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Who Knows?

Today on the site, Annie Mok interviews Sofia Foster-Dimino.

ANNIE MOK: The title Sex Fantasy seems a little bit like a feint, because the book is kind of about sex and kind of not about sex.

SOPHIA FOSTER-DIMINO: Yeah, for real [laughs].

MOK: How did you come to this title?

FOSTER-DIMINO: When I picked the title, I didn’t even know I was gonna make it a series. But I wanted something that was striking and intriguing, and maybe a little misleading. People who have read my work closely and have followed along with the whole series are like, of course it is about sex fantasies for sure, even the non-explicit ones. And there are undercurrents of that, like issue 5 is about two women going on a date for maybe the second or third time, so there’s tension and then issue 8 is sort of this intense sexualized dominant-submissive dynamic between two people in a grocery store. And then in the last issue, I wanted to full-on address the concept of sex fantasies, so that’s probably the most direct take on the concept. For the other ones, that are more subtle, I wanted to explore ideas about self-expression and identity. How people change the way they conceive of themselves whether they’re alone or with people they trust, people they just met or people they know really well… So those pressures can change how we see ourselves, which ties into those sex fantasies. The idea of a sex fantasy is you’re imagining a person who you might not know very well and what they’re like and how they get along with you, but you’re also imagining a more perfect embodiment of yourself, a scenario where you can be the person that you truly want to be.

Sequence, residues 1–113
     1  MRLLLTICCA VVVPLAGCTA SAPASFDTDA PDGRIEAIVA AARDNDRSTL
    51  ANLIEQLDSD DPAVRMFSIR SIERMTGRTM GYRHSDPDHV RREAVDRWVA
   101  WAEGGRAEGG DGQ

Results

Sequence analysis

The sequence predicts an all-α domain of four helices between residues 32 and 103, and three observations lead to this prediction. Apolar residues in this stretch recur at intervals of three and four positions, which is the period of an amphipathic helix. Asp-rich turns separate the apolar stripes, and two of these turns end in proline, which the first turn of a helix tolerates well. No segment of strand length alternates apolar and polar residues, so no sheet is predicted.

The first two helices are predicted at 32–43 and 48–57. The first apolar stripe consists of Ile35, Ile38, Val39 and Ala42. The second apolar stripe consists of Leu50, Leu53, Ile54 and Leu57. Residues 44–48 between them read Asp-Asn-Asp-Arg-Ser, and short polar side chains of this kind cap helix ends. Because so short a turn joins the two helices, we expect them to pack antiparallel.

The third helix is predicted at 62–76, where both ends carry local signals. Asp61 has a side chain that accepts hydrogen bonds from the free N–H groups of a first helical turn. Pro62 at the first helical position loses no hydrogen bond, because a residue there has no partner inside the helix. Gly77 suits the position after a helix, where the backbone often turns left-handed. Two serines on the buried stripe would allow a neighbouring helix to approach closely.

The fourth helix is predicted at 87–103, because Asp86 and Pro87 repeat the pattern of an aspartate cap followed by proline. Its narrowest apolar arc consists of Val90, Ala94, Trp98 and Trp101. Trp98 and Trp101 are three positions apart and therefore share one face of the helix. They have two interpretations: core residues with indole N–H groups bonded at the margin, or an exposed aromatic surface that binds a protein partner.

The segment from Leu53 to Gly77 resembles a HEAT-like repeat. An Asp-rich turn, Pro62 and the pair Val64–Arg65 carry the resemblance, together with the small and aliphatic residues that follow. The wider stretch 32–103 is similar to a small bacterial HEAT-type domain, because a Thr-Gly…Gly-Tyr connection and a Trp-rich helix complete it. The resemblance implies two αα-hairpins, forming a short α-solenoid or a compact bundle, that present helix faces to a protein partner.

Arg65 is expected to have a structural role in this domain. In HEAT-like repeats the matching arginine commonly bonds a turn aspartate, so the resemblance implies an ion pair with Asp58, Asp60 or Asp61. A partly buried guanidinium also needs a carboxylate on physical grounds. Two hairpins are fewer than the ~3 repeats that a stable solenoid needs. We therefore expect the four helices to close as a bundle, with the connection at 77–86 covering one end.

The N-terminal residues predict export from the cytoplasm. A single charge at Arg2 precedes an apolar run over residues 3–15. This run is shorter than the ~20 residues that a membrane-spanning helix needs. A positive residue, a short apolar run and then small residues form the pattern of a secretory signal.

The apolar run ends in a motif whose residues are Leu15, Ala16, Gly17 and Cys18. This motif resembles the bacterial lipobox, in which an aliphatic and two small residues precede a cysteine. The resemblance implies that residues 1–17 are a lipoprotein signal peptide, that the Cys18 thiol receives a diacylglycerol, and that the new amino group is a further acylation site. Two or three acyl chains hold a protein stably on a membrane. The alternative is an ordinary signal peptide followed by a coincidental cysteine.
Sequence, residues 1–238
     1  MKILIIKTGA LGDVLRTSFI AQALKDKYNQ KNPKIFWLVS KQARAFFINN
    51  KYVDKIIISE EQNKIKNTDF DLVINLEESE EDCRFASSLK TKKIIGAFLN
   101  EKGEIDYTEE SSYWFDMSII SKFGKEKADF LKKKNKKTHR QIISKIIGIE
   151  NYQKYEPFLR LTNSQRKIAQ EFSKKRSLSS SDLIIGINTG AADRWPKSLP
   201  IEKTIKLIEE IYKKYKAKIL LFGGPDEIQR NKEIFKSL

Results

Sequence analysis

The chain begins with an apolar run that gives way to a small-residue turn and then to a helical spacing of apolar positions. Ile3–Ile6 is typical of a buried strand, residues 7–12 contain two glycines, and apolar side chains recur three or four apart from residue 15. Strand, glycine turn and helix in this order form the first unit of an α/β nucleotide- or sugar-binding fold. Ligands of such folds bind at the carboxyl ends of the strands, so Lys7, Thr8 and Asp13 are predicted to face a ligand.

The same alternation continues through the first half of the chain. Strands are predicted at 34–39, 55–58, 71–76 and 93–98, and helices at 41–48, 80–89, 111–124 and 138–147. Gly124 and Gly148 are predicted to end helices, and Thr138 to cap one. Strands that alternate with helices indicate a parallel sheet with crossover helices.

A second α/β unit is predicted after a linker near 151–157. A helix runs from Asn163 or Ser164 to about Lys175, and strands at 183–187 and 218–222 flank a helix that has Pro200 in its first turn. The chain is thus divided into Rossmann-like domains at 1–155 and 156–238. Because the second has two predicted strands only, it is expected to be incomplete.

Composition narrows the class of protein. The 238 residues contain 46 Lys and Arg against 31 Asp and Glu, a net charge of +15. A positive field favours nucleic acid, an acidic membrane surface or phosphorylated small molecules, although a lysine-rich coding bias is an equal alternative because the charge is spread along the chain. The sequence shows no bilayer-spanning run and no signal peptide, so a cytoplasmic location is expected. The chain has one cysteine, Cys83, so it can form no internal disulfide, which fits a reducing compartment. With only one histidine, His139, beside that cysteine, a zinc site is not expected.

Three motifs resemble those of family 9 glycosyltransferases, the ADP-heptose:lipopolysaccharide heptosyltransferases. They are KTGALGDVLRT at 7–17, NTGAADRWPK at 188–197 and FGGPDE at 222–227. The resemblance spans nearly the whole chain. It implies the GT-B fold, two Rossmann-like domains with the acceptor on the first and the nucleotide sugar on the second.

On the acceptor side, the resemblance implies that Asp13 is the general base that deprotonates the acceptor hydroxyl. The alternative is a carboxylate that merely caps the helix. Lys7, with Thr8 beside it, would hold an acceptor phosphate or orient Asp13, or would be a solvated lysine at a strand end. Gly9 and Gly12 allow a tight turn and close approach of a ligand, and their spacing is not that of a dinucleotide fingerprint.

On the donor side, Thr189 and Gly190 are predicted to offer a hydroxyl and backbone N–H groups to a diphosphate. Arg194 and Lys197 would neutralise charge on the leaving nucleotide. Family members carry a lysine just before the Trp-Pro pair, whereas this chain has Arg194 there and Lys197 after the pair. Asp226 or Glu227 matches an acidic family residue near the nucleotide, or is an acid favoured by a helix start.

Meanwhile, elsewhere:

—News. Hugh Hefner, the Playboy founder and failed cartoonist, died yesterday at 91. Through his magazine and various other ventures, he published many of the best comics artists of the last century, including Jack Cole, Harvey Kurtzman, Will Elder, Jules Feiffer, Art Spiegelman, Gahan Wilson, B. Kliban, and many others, though few of them did their best work under his patronage. It's an undeniably important but contested legacy. The New York Times obituary is here.

As a child, Mr. Hefner spent hours writing horror stories and drawing cartoons. At Steinmetz High School, he said, “I reinvented myself” as the suave, breezy “Hef,” newspaper cartoonist and party-loving leader of what he called “our gang.” At the University of Illinois, after serving in the Army, he edited the humor magazine and started a photo feature called “Co-ed of the Month.”

[...]